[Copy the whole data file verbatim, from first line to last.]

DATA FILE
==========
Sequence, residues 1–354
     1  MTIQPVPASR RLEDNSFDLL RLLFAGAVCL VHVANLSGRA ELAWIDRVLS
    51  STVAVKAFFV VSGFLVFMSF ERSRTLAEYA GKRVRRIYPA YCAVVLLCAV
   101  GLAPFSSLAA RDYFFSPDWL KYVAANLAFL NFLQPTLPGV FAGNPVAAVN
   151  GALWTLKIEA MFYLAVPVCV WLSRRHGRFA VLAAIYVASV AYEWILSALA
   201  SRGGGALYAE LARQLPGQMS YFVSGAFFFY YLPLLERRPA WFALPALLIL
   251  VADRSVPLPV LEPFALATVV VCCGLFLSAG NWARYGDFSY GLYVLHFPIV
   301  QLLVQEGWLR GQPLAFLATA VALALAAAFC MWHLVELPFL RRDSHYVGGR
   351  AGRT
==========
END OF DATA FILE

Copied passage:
Sequence, residues 1–354
     1  MTIQPVPASR RLEDNSFDLL RLLFAGAVCL VHVANLSGRA ELAWIDRVLS
    51  STVAVKAFFV VSGFLVFMSF ERSRTLAEYA GKRVRRIYPA YCAVVLLCAV
   101  GLAPFSSLAA RDYFFSPDWL KYVAANLAFL NFLQPTLPGV FAGNPVAAVN
   151  GALWTLKIEA MFYLAVPVCV WLSRRHGRFA VLAAIYVASV AYEWILSALA
   201  SRGGGALYAE LARQLPGQMS YFVSGAFFFY YLPLLERRPA WFALPALLIL
   251  VADRSVPLPV LEPFALATVV VCCGLFLSAG NWARYGDFSY GLYVLHFPIV
   301  QLLVQEGWLR GQPLAFLATA VALALAAAFC MWHLVELPFL RRDSHYVGGR
   351  AGRT